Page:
In 1966, Charlotte Friend left Sloan-Kettering to become the first Director of the Center for Experimental Cell Biology and a Professor at the still developing Mount Sinai School of Medicine. She was the first and only female full Professor in the School when the faculty was officially formed in 1966. She also served as a Professor in the Mount Sinai Graduate School of Biological Sciences. At Mount Sinai, she established her own laboratory, which in 1967 was endowed as the Mollie B. Roth Laboratory. Peyton Rous was the speaker at the event. Still, it was an unending struggle to find the funding to keep the lab well-staffed and well equipped, a situation that got steadily harder as federal funding began to shrink in the 1970s.
The decline in federal funds for basic research led Dr. Friend to write several protest letters to congressmen and others in power. This was a tact that she often took when a subject that mattered to her was threatened. She wrote about many things, including her support for Israel, her opposition to anti-abortion measures, and in defense of women’s rights.
In 1971, Dr. Friend published another landmark paper, this one titled “Hemoglobin synthesis in murine virus-induced leukemic cells in vitro: Stimulation of erythroid differentiation by dimethyl sulfoxide.” The co-authors were William Scher, J. G. Holland and Toru Sato. This paper described research on leukemia cells that had been made to differentiate, or take another step in the maturation process to become erythroid cells, thus stopping their cancer-like multiplication. This work pointed to a whole new area of cancer treatment: If instead of attacking cancer cells with toxic drugs, cancer cells could be targeted and made to mature, patients would be spared painful, sometimes deadly, and often ineffectual treatments. Research continues today in this field.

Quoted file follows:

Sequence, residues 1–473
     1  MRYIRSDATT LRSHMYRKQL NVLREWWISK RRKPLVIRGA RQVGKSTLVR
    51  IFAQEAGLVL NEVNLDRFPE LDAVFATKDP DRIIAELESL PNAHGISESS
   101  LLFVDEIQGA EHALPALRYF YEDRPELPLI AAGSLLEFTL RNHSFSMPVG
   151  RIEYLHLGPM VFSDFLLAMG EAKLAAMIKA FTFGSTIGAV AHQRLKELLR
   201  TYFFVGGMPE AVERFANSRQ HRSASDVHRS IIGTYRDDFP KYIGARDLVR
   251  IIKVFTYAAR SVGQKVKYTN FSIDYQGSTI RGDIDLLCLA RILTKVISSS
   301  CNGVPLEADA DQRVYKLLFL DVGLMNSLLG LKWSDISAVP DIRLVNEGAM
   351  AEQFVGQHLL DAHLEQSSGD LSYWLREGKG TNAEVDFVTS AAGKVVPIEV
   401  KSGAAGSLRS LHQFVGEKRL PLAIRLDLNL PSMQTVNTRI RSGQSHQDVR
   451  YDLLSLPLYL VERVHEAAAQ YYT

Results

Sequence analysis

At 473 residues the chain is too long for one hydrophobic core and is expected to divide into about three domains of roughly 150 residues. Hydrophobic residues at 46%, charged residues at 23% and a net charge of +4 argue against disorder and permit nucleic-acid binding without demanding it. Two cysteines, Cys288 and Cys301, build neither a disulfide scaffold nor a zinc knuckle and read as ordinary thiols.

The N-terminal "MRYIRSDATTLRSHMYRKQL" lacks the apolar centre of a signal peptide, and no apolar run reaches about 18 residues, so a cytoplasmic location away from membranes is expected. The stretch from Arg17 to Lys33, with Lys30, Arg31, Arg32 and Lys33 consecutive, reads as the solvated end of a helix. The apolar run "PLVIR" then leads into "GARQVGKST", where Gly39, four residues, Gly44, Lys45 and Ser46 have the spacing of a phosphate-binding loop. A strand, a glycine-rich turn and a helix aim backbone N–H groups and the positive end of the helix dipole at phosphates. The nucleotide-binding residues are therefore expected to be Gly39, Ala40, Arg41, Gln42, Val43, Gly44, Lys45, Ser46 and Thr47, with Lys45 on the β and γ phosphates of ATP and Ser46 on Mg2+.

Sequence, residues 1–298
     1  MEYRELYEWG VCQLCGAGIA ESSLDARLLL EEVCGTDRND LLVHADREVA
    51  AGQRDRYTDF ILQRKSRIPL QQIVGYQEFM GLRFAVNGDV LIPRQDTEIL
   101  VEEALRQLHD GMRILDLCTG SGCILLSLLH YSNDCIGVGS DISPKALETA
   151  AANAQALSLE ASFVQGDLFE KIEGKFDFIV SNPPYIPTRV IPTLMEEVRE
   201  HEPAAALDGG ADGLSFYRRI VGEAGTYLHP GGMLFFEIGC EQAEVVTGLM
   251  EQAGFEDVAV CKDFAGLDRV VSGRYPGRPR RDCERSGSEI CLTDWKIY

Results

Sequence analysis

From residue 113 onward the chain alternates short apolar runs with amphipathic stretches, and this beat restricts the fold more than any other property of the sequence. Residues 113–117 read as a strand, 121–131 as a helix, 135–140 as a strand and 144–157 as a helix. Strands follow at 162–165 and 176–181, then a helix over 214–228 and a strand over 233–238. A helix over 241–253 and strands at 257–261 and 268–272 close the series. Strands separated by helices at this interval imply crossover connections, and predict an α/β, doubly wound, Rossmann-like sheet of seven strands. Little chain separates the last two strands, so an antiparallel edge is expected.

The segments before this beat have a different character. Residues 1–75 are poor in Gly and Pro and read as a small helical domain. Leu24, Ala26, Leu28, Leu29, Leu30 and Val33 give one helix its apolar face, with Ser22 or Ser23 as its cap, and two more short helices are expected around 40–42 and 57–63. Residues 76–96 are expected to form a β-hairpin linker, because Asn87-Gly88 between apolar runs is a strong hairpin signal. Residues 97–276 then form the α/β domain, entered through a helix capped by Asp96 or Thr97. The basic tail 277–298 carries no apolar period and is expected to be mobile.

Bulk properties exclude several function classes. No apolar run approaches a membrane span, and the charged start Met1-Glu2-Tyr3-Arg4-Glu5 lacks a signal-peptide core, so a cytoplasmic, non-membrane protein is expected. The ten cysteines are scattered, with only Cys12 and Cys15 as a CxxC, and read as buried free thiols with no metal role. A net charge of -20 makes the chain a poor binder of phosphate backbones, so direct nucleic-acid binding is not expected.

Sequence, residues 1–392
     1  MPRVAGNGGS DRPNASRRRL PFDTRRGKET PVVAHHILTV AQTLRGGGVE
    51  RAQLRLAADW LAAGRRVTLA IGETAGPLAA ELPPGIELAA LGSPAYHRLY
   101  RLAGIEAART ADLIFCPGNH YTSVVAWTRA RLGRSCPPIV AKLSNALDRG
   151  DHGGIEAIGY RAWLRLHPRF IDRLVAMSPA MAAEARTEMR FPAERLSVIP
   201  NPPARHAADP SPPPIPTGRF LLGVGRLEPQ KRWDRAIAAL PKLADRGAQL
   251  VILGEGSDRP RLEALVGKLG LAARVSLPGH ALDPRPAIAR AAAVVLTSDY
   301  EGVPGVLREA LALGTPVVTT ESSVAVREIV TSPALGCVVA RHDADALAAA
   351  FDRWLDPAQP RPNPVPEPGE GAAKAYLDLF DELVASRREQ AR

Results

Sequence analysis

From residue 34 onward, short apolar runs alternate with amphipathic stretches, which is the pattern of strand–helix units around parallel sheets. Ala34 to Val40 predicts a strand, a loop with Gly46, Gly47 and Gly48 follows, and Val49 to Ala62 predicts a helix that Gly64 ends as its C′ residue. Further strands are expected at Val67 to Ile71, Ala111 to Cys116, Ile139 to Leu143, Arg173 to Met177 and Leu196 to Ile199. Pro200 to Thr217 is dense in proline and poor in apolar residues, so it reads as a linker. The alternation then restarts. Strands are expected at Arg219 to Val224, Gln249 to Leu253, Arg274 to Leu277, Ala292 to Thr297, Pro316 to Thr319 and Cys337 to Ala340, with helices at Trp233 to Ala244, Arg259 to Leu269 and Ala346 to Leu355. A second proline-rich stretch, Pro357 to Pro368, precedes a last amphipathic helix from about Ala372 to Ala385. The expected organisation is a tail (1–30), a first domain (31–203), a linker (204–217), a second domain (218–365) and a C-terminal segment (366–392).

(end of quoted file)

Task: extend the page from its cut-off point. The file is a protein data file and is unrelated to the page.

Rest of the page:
In all, Dr. Friend published 163 papers, 70 of which she wrote by herself or with one other author, a rare feat in modern biomedical science. Although diagnosed with lymphoma on her 60th birthday in 1981, she told few of her illness. She continued to go about her work with all the energy she had, writing grants, serving on committees, and working in the lab. Charlotte Friend died in January 1987.
In 1988, the Friend Papers were donated to the Mount Sinai Archives by Dr. Friend’s family. The finding aid for the collection is here: http://library.mssm.edu/services/archives/archives_collections/charlotte.shtml For more information about Dr. Friend, contact the Mount Sinai Archives, a division of Academic Informatics &Technology of the Icahn School of Medicine at Mount Sinai.
Photo from the Mount Sinai Archives.
Barbara J. Niss is the Director of Archives & Records Management at the Icahn School of Medicine at Mount Sinai. She has a Master’s degree in History of New York University.
This essay is part of The New York History Blog’s project to highlight the history of women in New York State for Women’s History Month. Have a story to contribute? Find out how.